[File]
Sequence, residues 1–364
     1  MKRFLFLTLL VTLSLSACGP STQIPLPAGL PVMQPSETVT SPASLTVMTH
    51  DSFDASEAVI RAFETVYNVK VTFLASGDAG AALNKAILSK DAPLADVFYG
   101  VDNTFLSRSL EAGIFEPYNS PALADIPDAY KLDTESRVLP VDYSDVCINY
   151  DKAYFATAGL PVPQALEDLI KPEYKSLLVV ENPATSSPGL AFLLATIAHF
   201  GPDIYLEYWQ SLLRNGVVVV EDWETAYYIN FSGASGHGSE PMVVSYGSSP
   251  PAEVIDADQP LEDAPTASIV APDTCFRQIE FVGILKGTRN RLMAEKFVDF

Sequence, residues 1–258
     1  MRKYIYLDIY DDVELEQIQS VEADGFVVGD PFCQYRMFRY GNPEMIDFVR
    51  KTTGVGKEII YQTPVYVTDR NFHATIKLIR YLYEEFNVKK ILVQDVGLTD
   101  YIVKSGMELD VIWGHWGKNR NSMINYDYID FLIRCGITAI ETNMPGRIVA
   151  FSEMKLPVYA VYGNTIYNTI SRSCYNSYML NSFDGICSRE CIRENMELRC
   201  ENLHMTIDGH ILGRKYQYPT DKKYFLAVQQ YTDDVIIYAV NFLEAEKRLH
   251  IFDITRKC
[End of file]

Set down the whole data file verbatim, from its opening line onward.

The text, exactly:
Sequence, residues 1–364
     1  MKRFLFLTLL VTLSLSACGP STQIPLPAGL PVMQPSETVT SPASLTVMTH
    51  DSFDASEAVI RAFETVYNVK VTFLASGDAG AALNKAILSK DAPLADVFYG
   101  VDNTFLSRSL EAGIFEPYNS PALADIPDAY KLDTESRVLP VDYSDVCINY
   151  DKAYFATAGL PVPQALEDLI KPEYKSLLVV ENPATSSPGL AFLLATIAHF
   201  GPDIYLEYWQ SLLRNGVVVV EDWETAYYIN FSGASGHGSE PMVVSYGSSP
   251  PAEVIDADQP LEDAPTASIV APDTCFRQIE FVGILKGTRN RLMAEKFVDF

Sequence, residues 1–258
     1  MRKYIYLDIY DDVELEQIQS VEADGFVVGD PFCQYRMFRY GNPEMIDFVR
    51  KTTGVGKEII YQTPVYVTDR NFHATIKLIR YLYEEFNVKK ILVQDVGLTD
   101  YIVKSGMELD VIWGHWGKNR NSMINYDYID FLIRCGITAI ETNMPGRIVA
   151  FSEMKLPVYA VYGNTIYNTI SRSCYNSYML NSFDGICSRE CIRENMELRC
   201  ENLHMTIDGH ILGRKYQYPT DKKYFLAVQQ YTDDVIIYAV NFLEAEKRLH
   251  IFDITRKC